Limited Language Skills

At a young age, toddlers are still mastering language skills. Pronouns might not make much sense to them yet. They understand that you call yourself “mommy” or “daddy” and them by their name. They are primarily imitating your language patterns at this stage.

Teaching Role

You, as a parent, are your toddler’s first teacher. As their vocabulary grows, it’s time to introduce the usage of pronouns. Start using sentences like, “I am making dinner,” instead of, “Mommy is making dinner.” Gradually, your toddler will start picking up these language nuances.


Social interaction is a crucial part of your toddler’s life. The more they interact with people and other toddlers, the quicker they pick up language skills. However, speaking in third person doesn’t necessarily indicate a problem—it merely shows that they are mirroring the language styles they often hear.

Separation and Objectification

Your toddler referring to themselves in the third person could also indicate that they perceive themselves as a separate entity. This realization helps them understand their individuality, distinct from their parents.

A Natural Development Stage

As your toddler starts distinguishing between names and individuals, they begin to understand that “Emma” refers to themselves. This understanding is the inception of a narrative language. They start narrating stories about their lives or about others.

A Coping Mechanism

Referring to themselves in third person can also be a coping mechanism. Much like some adults might use third person speech to separate themselves from stressful situations, toddlers might do the same.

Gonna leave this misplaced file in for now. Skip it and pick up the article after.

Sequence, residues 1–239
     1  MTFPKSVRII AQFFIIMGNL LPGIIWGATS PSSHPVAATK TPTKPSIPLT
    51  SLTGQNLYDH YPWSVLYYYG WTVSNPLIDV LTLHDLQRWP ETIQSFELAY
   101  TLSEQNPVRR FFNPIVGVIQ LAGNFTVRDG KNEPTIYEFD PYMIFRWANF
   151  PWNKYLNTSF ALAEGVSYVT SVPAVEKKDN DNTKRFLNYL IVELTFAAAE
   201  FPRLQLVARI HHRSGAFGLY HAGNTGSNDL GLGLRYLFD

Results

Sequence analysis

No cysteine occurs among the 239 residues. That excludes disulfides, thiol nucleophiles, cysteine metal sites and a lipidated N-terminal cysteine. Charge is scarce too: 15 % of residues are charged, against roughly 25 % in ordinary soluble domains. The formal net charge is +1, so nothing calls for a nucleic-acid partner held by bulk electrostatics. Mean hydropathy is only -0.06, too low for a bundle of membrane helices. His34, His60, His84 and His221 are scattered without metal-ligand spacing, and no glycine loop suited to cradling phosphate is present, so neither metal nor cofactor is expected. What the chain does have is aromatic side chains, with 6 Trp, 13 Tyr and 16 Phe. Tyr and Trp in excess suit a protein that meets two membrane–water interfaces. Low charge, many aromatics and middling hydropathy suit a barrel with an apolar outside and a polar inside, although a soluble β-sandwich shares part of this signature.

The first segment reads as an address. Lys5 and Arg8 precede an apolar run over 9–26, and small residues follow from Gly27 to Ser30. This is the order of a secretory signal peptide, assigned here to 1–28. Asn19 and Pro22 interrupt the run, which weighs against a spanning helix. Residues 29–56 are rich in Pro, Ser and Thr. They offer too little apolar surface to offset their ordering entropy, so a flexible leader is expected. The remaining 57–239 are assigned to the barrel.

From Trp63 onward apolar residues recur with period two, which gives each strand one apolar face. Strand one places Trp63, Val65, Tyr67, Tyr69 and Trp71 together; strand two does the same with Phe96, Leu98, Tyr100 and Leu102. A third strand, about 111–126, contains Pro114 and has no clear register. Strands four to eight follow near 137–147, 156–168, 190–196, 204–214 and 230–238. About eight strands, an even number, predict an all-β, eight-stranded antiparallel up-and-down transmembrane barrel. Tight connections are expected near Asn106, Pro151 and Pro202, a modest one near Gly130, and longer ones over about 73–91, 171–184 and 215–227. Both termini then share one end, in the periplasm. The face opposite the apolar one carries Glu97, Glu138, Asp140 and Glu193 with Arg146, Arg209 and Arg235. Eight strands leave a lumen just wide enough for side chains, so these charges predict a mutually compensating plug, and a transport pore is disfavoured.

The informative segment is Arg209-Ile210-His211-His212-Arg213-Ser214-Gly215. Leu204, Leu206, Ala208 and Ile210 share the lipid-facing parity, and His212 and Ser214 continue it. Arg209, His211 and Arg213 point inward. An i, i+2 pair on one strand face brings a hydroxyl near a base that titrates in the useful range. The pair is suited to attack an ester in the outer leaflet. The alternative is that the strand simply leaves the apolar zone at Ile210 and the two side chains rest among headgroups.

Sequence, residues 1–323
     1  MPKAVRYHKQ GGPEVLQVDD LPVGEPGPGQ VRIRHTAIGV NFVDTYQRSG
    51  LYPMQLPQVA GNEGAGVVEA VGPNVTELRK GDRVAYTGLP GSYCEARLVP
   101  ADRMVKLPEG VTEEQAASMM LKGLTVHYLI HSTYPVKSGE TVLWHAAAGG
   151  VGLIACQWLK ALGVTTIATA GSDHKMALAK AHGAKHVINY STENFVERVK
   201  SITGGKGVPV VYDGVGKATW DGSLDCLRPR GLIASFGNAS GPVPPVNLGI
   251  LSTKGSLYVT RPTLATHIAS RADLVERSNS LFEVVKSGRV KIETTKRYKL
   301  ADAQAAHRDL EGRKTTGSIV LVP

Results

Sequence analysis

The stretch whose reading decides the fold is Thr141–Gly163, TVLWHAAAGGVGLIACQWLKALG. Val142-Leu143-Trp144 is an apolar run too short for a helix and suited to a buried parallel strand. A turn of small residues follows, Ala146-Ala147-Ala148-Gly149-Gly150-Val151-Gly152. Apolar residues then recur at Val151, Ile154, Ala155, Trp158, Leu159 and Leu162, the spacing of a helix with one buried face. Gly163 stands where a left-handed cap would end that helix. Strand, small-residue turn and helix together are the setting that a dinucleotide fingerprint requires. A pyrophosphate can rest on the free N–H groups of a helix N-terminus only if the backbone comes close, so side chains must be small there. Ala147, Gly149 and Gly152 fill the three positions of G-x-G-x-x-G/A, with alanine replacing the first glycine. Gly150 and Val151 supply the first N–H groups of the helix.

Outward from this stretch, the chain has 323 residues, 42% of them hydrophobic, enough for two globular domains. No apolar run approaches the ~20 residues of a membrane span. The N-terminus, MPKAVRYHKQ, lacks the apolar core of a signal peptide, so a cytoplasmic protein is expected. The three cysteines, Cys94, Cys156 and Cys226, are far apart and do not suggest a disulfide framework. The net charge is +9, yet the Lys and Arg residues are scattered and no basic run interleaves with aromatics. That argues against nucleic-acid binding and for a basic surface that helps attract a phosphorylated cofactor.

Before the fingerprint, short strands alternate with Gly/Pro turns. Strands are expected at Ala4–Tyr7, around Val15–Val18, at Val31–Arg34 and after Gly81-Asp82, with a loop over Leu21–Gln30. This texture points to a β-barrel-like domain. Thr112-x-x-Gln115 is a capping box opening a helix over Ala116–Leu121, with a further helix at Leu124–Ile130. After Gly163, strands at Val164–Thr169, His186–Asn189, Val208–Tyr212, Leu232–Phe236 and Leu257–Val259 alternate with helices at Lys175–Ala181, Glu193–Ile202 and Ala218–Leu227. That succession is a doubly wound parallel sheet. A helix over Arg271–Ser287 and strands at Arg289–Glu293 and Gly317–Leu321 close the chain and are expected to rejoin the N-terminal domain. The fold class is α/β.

Guiding Your Toddler Towards First Person Talk

While it’s okay for toddlers to begin their speech journey with third person references, as they grow, it’s important to gently guide them towards proper pronoun usage. Here are a few strategies:

Use Gestures

One helpful strategy could be to use pointing gestures when speaking. For instance, point to yourself and say, “I am going to take a shower.”

Reading Time

Reading to your child can also be a fantastic tool for language development. Many children’s books use first-person narratives which can help your toddler understand proper pronoun usage.

Consultation with a Pediatrician

If your child continues to use third-person references excessively past the age of four, it might be useful to consult a pediatrician. They might suggest a visit to a speech therapist or assure you that there is nothing to worry about.

How Can Help?

Parenting is a joyful yet challenging journey, and it’s normal to have questions or concerns about your toddler’s behavior. can be a helpful resource in understanding your toddler’s speech and sleep patterns. With extensive research and expert insights on toddler behavior, provides valuable guidance on managing your child’s sleep schedules and overall development. You can find various strategies on easing your toddler into a healthy sleeping routine, which can positively influence their speech development as well. Trust to be there for you in your parenting journey.